Driven by vibrant performances and exceptional design work, Murder for Two’s good-natured musical tale of murder makes it an ideal Halloween treat.
Most of the time, Actors’ Shakespeare Project’s production of Macbeth is compelling.
Not all of the production’s choices pay off, but Hamnet is a fascinating, one-of-a-kind play that strikes at a universal sense of longing.
Straight White Men features plenty of conflict, but most of this wrangling comes in the form of tiresome, repetitive familial bickering.
The show’s attempt at satire comes off as blunt and lecture-heavy at times, but the production still manages to be an engaging comedy of manners.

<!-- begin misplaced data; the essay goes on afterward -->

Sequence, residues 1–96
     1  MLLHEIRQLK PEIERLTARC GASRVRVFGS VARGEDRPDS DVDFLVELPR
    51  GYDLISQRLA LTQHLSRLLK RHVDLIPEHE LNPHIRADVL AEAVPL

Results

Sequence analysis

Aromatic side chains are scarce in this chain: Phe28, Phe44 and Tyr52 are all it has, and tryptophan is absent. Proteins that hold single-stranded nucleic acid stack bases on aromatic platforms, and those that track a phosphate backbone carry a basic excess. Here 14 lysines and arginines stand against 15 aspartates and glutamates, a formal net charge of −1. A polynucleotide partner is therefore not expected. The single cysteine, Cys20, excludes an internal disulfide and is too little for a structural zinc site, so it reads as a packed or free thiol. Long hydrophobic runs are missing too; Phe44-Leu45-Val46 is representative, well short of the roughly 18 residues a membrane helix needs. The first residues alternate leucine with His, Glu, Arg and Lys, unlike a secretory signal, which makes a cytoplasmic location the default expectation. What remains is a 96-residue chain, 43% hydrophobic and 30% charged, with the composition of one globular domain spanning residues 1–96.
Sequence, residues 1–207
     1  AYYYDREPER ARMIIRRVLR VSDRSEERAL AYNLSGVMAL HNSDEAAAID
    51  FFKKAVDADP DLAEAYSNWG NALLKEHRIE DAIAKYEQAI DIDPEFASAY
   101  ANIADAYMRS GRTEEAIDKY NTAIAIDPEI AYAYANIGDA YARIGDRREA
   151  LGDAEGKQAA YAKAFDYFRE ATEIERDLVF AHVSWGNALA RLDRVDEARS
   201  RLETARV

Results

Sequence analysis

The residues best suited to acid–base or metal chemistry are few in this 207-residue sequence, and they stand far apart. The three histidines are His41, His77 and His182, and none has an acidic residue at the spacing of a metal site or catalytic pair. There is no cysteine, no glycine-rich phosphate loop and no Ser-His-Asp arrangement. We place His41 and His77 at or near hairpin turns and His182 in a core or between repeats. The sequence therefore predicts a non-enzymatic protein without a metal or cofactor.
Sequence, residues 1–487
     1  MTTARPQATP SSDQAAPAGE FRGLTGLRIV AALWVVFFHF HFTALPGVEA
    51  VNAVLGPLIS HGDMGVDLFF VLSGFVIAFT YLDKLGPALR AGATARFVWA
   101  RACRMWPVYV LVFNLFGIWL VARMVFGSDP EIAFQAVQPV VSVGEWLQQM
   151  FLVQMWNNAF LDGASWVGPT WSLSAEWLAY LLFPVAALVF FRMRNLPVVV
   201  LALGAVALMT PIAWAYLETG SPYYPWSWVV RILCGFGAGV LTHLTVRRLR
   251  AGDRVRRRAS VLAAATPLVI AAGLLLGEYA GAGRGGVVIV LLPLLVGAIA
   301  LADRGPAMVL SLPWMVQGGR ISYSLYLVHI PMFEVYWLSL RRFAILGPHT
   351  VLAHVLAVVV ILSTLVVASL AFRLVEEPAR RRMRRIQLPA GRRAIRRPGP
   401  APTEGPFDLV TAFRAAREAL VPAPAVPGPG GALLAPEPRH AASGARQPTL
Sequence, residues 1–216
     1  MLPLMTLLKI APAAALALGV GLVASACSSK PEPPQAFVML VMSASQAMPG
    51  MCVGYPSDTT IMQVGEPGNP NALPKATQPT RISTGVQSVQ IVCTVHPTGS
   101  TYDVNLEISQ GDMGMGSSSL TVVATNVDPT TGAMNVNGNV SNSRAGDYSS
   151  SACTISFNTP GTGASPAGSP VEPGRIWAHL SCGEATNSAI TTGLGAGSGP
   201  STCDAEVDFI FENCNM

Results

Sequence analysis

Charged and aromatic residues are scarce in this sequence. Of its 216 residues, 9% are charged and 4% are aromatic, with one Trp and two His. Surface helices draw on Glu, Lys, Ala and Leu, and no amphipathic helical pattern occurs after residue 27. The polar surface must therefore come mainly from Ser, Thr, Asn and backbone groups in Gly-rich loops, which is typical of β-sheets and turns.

Commonwealth Shakespeare Company’s Richard III is a deft, gripping version of Shakespeare’s vision of malevolence, staged with verve and vision.
Apart from a few weak elements, GBS’s Calendar Girls is a well-acted, well-staged comedic romp filled with wit, warmth, and genuine insight.
Hub Theatre Company’s True West is a joy to watch.
Lost Laughs is an absorbing examination of the dark side of American celebrity.
At a lean ninety minutes long, the play tackles too many big issues to do them justice.